First published in 1964 in Collected Works, Fifth (Russian) Ed., Vol. 46.
Sent from Munich to Paris.
Printed from the original.
Source: Lenin Collected Works, Progress Publishers, , Moscow, Volume 43, pages 71b-72a.
Translated: Martin Parker and Bernard Isaacs
Transcription\Markup: R. Cymbala
Public Domain: Lenin Internet Archive (2005). You may freely copy, distribute, display and perform this work; as well as make derivative and commercial works. Please credit “Marxists Internet Archive” as your source. • README
I saw the gentleman to whom you revealed a League secret and who is now raising a fuss.
I must say that you made a rather big mistake.
First, why did you speak about this gentleman to Leibov and Wasserberg, who are not members of the League?? He complains particularly bitterly about this. And he is right. The attitude of the League towards third persons should be known only to League members. I think you ought to tell Leibov and Wasserberg off properly and not trust them so much in the future: if you found it possible to tell them, they should have kept silent without fail.
Second, why didn’t you put an end to the affair at once, thereby preventing the gentleman from making the trip to see G. V. and us?? After all, you are an official functionary, a member of the administration. You should have therefore accepted from the gentleman whatever statement he wanted to submit, and after discussing it with others, given him a proper collective answer. You should have told him that he could contact the League only through you and that hence he was obliged to submit to you what ever complaints he had against the League in general or one of its members in particular and had no right to take the matter up with the wrong people (G. V. or us).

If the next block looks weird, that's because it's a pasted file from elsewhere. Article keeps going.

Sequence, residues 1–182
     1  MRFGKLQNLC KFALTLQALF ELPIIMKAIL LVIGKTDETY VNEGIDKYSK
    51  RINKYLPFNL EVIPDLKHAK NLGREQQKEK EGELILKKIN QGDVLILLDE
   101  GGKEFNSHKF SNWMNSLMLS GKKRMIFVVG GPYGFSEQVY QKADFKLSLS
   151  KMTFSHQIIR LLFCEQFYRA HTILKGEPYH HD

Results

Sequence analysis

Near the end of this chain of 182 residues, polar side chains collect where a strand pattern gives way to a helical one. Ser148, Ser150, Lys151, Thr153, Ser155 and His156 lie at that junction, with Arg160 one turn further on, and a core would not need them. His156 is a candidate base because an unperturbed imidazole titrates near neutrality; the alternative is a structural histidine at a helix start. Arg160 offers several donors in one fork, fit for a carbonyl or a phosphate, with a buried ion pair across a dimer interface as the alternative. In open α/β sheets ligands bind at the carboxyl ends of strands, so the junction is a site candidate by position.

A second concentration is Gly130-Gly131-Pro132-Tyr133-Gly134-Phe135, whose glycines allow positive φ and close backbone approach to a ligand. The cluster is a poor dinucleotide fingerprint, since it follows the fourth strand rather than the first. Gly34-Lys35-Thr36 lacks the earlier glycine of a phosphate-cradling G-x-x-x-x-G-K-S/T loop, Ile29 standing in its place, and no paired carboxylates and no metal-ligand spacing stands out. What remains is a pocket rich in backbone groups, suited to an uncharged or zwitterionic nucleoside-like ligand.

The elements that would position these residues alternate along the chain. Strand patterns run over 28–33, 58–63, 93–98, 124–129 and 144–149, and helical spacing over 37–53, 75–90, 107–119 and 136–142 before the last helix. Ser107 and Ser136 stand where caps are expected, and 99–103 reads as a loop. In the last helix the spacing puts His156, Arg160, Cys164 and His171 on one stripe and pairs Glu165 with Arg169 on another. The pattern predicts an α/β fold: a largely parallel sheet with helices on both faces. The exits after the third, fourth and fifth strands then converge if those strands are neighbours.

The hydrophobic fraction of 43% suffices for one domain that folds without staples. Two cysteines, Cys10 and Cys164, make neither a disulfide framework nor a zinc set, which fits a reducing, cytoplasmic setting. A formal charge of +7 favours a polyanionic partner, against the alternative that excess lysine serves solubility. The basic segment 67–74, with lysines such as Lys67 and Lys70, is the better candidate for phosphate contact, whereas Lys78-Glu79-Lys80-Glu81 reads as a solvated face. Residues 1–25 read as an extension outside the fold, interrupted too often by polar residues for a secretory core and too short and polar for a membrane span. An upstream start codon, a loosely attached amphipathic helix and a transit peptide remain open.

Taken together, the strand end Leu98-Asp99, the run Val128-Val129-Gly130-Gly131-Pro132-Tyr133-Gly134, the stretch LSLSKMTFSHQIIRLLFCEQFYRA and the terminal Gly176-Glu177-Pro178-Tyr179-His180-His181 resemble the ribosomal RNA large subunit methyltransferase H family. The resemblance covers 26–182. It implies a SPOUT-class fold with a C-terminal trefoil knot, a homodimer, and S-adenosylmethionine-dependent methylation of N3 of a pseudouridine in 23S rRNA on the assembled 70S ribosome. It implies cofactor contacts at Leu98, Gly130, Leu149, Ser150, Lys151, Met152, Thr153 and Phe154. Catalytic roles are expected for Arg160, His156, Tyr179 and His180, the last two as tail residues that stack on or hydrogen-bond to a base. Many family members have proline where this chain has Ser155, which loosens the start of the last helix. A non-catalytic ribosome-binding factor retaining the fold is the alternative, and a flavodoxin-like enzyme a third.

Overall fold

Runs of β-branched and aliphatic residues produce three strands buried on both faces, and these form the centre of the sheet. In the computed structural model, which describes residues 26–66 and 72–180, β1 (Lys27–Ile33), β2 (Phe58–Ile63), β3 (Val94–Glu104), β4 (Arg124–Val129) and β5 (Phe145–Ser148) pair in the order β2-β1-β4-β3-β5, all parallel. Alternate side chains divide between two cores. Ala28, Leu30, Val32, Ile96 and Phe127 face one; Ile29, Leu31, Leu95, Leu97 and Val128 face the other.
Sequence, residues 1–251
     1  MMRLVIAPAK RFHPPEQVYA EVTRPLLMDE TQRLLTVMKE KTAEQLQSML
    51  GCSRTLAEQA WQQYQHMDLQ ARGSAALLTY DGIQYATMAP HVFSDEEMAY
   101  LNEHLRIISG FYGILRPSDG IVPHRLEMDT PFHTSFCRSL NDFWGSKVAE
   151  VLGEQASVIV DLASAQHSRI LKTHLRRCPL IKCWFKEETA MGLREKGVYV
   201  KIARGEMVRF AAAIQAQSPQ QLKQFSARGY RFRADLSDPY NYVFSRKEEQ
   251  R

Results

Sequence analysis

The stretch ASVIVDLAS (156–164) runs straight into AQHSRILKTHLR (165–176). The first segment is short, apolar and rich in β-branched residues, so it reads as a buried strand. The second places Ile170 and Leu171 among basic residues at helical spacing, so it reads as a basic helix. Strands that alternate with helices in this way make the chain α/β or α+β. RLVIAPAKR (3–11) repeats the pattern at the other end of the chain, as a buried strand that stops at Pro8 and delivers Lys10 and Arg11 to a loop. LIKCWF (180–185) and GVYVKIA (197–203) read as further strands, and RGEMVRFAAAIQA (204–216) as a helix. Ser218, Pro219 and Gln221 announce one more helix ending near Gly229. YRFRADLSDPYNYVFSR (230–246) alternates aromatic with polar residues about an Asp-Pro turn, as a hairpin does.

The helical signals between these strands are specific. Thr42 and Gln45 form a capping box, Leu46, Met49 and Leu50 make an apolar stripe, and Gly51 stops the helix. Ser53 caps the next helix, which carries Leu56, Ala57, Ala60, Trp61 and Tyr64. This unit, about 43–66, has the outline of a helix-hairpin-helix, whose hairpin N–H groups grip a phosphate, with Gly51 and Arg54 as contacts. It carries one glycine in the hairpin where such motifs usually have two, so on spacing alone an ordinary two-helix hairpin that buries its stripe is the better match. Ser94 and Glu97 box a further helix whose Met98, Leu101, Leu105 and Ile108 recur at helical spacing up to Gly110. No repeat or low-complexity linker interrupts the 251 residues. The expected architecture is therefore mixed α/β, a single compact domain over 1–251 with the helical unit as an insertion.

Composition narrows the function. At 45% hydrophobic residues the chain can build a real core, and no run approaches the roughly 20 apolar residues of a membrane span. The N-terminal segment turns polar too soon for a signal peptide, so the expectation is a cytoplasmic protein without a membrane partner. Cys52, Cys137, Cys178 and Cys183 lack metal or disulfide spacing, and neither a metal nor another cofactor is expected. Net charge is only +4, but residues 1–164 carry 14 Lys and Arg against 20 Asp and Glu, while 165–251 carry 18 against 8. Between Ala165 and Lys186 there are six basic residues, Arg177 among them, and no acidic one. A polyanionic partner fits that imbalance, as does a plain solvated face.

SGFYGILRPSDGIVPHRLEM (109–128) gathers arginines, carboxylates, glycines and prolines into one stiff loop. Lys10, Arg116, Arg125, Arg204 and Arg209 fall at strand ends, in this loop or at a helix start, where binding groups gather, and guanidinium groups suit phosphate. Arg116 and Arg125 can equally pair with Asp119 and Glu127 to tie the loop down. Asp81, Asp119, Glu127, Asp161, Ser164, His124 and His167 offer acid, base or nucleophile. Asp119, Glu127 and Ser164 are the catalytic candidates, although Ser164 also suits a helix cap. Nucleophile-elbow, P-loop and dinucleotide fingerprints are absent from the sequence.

As I see it, you departed from the rules (according to which all complaints are to be dealt with by the administration) and are guilty, besides indiscretion, of failure to exercise your authority.
Well, so much for that. Do not be offended by my frankness. Now l’incident est clos. We, needless to say, told the gentleman this: we do not advise you to turn to the League concerning yourself (i.e., to ask whether the League trusts you, etc.). There is no point in doing that. The League is not obliged to reply. What you ought to do is this: do everything you can to throw light on the Ruma affair (in all its aspects), collect all the evidence and ask the League to review the case and publish the findings (i.e., the accusation against Ruma and, eventuellement, the exoneration of others).
He agreed that this was the only way to go about it and set to work putting down his own testimony. If you know of any other witnesses, take steps yourself to get their evidence.
And so our tactics now are: within the League, a reserved attitude towards the “gentleman” for the time being. But not a word about it outside the League, or even to the more aloof members of the League. N’est ce pas?
 A reference to A. Y. Finn-Yenotayevsky.—Ed.
 The incident is closed.—Ed.
 The League of Russian Revolutionary Social-Democracy Abroad was founded on Lenin’s initiative in October 1901 as an organisation uniting revolutionary Marxists abroad. After the Second Congress of the R.S.D.L.P. the Mensheviks gained control in the League and in October 1903, after its Second Congress, the Bolsheviks left it and founded their own organisation abroad.